Ambulance Ship

by James White

Cover image

Series: Sector General #4
Publisher: Orb
Copyright: 1980
Printing: 2002
ISBN: 0-312-87770-6
Format: Trade paperback
Pages: 211

Buy at Powell's Books

Ambulance Ship is the fourth book in the Sector General series, but as with the previous books it doesn't assume knowledge of the rest of the series and can be read independently (particularly with the excellent introduction). The publication information is for the Alien Emergencies omnibus, which contains the fourth through sixth books of the series. This version includes the short story "Spacebird," which was omitted from the original US version of Ambulance Ship.

If you've read the earlier books in this series (or, I suspect, the later), you know basically what to expect. Sector General is a huge multi-species space hospital with environments for every known intelligent species. It's specialty, at least as portrayed in the books, is solving medical mysteries, particularly for previously-unknown aliens. This book changes the setting a bit by sending the primary series protagonist, Conway, on a tour of duty on a medical ambulance ship, but the feel remains roughly the same and much of the action still takes place in Sector General.

The highlight of this book for me wasn't the aliens. They're interesting and inventive, but even after a break from the series they do feel a bit alike. White comes up with different twists and quirks each time, but the structure of the problem is fundamentally the same and the problem-solving follows a similar pattern. More interesting to me were the two quarantine episodes in Ambulance Ship, which show how the doctors function in situations where safety may be at odds with treating their patients. The first of these, the part entitled "Contagion," is the best, largely because it turns into a much different puzzle than is normal for Sector General and adds some depth to the universe. This series consists mostly of straightforward puzzle-solving, so moments of deeper characterization and history are appreciated.

Ambulance Ship is similar to previous entries in its flaws as well as its features. I'm not sure if the gender roles and sexism has gotten worse or stayed about the same as Major Operation, but they're still bad, particularly early in the book. Conway treats his wife (or girlfriend — I forget, and from that you can tell something about the focus of the story) with a noticeable amount of condescension, and White feels obligated to constantly point out how men react to her physical appearance. It could be a lot worse, and White's tone is light-hearted and balanced somewhat by the presence of competent female characters who occasionally (although too rarely) partly put Conway in his place. But as I read later in the series and the books are written more recently, it becomes harder to treat this as an artifact of an earlier culture and read past it. I was cringing enough in spots to detract from my enjoyment of the book.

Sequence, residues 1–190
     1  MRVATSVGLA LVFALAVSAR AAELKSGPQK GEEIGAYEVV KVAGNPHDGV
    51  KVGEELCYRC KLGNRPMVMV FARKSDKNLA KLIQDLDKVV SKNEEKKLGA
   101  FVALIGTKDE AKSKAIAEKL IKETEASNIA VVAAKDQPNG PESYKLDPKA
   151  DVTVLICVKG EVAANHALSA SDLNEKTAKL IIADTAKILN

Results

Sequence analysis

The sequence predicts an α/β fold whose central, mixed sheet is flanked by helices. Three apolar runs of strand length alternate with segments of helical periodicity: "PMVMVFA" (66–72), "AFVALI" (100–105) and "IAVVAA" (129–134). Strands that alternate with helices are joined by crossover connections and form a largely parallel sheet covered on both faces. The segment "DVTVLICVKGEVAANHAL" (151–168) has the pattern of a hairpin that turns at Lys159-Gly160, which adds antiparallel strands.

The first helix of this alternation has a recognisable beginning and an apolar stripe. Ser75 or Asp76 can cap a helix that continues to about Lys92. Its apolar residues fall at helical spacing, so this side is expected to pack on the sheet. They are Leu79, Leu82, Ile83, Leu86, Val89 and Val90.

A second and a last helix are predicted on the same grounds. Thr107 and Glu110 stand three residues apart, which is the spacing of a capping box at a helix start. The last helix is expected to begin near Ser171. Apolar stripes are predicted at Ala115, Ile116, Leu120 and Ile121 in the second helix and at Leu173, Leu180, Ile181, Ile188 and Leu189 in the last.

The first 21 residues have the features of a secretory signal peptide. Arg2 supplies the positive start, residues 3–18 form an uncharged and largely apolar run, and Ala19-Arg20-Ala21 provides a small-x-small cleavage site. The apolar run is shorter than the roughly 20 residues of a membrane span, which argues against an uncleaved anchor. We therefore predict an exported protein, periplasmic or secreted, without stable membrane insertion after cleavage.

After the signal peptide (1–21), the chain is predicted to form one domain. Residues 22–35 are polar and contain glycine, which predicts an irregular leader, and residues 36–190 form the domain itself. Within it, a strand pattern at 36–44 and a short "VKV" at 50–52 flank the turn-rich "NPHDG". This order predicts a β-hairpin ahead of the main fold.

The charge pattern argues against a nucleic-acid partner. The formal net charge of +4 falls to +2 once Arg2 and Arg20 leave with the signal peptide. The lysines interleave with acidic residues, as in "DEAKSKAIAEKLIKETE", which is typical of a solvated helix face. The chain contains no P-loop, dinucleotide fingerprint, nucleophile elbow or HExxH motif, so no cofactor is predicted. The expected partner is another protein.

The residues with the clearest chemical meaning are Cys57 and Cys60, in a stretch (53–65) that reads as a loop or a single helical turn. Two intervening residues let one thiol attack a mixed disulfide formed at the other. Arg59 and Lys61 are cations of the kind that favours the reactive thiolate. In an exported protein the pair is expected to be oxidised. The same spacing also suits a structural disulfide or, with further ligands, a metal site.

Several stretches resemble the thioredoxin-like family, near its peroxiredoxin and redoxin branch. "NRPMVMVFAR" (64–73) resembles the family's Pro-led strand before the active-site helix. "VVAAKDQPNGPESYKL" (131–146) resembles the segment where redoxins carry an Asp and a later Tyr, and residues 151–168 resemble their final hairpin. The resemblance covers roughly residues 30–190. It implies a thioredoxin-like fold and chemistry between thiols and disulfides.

If you've read previous books in the series, well, this is more. If you liked the previous entries, you'll probably like this as well. The omnibus that I read has the advantage of a pair of solid introductions, one by David Langford for the omnibus edition and another by James White for the original book; the additional context and Langford's highlighting of particular features improved my enjoyment of the stories. But, alas, this is not House in space: it's engineer-with-a-wrench stories featuring doctors instead of engineers, told with minimal characterization in a light-hearted world with detailed and bizarre aliens. It's wonderfully good-hearted, but it's not very deep. I think it's best-used as undemanding reading between other, more significant work.

Followed by Sector General.

Rating: 6 out of 10

Reviewed: 2009-06-18

Last spun 2022-02-06 from thread modified 2017-05-21